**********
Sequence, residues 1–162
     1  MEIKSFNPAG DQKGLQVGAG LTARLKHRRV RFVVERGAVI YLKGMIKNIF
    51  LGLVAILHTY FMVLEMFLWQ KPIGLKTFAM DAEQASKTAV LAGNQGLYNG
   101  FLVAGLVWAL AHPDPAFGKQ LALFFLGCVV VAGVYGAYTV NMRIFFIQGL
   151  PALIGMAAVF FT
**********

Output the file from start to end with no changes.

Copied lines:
Sequence, residues 1–162
     1  MEIKSFNPAG DQKGLQVGAG LTARLKHRRV RFVVERGAVI YLKGMIKNIF
    51  LGLVAILHTY FMVLEMFLWQ KPIGLKTFAM DAEQASKTAV LAGNQGLYNG
   101  FLVAGLVWAL AHPDPAFGKQ LALFFLGCVV VAGVYGAYTV NMRIFFIQGL
   151  PALIGMAAVF FT